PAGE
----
Although @Vorschlaghammer had already mentioned a overall view, let me keep it simple.
IIR means Imaging Infra Red. Now the names implies what it does. It does target the invisible Infra Red wavelength of spectrum.
FLIR or Forward Looking Infra Red does act on the whole spectrum of Thermal energy. It could be be from ultraviolet to Infra Red including the in between visible spectrum.
Seekers of Precision Guided Munition, which are visible or infrared light based, and are self-sufficient, or fire-and-forget, have 2 main sub systems. First is detection of the incident light coming from the target area then processing the generated signal to recognize the target and establish a "track". IIR seeker systems use a 2d array of infrared detector elements in a certain size (eg. 640x480) at the front for detection. This is like our eye, with multiple photosensors and a lens in front to focus the incident light. Also called focal plane array or staring array.
After this, there are image processing electronics to make out the target object from the "viewed" image. Since this is an actual image like our eyes see, the electronics has to do relatively more complex signal processing like our brain does to correctly determine the target object, but it's much harder to fool this kind of seeker since the tracking algorithm can clearly "see" the difference between the outline of a Fighter and a point source like a flare.
Older seekers use a single detector and some sort of scanning system to sequentially look at different parts of the view. These could be linear scanning, or circular spinning scanning. Other enhancements like drawing rosette patterns or optics with extra mirrors and prisms can be added to widen the field of view or make the tracking more spoof resistant etc.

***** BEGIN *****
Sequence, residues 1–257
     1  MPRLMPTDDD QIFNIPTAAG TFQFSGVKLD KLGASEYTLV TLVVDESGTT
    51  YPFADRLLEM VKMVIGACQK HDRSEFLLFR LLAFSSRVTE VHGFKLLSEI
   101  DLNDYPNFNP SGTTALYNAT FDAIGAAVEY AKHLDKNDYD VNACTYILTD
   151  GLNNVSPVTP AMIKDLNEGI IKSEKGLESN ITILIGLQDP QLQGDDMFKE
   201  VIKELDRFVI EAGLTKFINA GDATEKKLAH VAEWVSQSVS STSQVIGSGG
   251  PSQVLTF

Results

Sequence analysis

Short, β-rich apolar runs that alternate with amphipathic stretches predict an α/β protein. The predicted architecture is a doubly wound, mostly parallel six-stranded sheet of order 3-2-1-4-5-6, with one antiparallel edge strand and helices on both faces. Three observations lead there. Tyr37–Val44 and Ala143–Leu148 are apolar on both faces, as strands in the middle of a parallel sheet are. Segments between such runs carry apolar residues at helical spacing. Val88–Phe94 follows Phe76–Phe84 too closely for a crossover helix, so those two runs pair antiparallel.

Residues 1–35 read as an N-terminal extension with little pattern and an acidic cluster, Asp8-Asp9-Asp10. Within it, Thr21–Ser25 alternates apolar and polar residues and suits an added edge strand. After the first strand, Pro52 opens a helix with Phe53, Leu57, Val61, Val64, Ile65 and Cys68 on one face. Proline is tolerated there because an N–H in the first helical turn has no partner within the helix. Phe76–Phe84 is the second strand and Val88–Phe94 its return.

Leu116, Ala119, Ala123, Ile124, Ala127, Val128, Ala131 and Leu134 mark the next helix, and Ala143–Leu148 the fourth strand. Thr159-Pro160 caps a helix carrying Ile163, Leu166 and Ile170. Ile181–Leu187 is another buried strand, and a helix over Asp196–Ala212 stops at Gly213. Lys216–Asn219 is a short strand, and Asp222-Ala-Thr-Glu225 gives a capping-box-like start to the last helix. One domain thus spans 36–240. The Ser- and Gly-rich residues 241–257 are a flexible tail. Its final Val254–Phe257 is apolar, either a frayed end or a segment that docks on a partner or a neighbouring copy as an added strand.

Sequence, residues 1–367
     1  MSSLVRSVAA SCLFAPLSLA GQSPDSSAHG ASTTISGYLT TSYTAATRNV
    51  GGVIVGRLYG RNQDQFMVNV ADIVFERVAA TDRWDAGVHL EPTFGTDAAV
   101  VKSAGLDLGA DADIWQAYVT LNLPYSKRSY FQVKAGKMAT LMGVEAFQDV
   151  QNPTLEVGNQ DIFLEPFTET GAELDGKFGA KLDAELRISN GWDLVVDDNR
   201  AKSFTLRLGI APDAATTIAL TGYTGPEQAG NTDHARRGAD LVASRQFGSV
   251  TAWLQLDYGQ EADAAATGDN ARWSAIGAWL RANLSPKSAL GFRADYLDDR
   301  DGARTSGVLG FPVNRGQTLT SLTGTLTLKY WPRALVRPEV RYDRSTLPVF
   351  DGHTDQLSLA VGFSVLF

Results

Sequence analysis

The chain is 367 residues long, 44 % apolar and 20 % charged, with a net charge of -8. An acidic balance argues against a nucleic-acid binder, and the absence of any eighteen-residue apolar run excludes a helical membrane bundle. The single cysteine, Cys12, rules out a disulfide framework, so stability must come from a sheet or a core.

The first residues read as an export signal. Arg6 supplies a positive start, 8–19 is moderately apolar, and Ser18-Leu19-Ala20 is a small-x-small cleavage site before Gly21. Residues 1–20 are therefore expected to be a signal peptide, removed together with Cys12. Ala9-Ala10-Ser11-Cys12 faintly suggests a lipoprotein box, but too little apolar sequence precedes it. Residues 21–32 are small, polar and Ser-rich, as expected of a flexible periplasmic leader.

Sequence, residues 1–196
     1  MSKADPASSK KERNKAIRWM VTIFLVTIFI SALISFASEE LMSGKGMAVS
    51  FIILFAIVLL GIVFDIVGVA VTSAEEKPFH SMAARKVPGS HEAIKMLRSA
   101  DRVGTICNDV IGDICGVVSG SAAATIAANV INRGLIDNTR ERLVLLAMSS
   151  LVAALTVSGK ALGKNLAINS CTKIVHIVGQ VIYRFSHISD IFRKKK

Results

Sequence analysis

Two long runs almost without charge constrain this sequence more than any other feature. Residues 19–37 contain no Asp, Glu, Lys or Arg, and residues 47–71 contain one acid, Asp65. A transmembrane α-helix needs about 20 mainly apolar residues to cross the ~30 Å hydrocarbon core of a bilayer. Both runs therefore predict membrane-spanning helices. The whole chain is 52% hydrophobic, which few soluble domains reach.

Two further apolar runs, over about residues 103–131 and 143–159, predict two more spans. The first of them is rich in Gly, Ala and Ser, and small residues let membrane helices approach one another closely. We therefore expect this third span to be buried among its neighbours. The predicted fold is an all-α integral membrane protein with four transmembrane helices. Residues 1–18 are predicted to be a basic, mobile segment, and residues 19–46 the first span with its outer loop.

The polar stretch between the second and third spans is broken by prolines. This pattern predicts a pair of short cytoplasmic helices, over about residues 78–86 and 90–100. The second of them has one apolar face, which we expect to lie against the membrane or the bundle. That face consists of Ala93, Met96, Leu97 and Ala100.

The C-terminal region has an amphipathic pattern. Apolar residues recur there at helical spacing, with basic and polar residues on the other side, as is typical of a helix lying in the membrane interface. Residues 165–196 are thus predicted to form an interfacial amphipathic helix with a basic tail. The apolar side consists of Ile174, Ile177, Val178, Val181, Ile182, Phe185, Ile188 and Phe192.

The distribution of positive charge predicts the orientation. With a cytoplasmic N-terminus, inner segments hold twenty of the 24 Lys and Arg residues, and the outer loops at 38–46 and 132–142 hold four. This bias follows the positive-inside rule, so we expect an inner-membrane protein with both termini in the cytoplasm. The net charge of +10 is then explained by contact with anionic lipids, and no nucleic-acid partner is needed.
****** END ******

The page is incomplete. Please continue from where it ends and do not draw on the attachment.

The tracking electronics are easier with these, and can use simpler logic switches. They generally determine a point in the fov, which is most likely the target, but the downside is these tracking algorithms are easier to spoof with flares, although the effectiveness of the spoofing varies depending on what enhancements are used.
In the cutting edge of technology for imaging systems, be it fixed LORROS, or portable, handheld and head mounted devices, or airborne pods, the trend seems to be focusing on combining multi-spectral signals into a single augmented visible image, which is presented to the user. Electronics has enabled techniques like compressive sensing which can produce a full multi pixel image from a single detector. Material science plays a big role, sensors made out of exotic substances like strained superlattice gallium arsenide promises to bring down cost, power consumption and cooling needs while increasing sensitivity. The research and engineering activities in this field are very much active and newer more effective techniques and "things" come out very often.
Superb news.....another test....another success
Back to Back test....wao.....this is mahayagya
Ok... One in eastern sea board, another in western.
But interestingly, NOTAM has been issued for around 200+ km for MR-SAM test.
News from @DRDO_India - Successful test of Surface to Air Missile Akash with indigenous radio frequency seeker against target Banshee test fired from Integrated Test Range, at Chandipur earlier today.
Big and great achievement, but long path ahead